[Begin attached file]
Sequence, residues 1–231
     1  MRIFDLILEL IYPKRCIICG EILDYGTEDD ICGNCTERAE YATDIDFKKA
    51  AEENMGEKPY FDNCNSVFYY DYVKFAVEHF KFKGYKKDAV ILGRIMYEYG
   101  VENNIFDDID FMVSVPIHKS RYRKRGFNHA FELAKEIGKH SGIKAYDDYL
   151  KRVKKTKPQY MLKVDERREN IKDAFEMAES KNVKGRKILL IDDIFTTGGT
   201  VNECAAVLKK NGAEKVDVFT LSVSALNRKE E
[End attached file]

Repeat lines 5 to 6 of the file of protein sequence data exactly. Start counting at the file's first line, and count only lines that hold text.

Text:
   151  KRVKKTKPQY MLKVDERREN IKDAFEMAES KNVKGRKILL IDDIFTTGGT
   201  VNECAAVLKK NGAEKVDVFT LSVSALNRKE E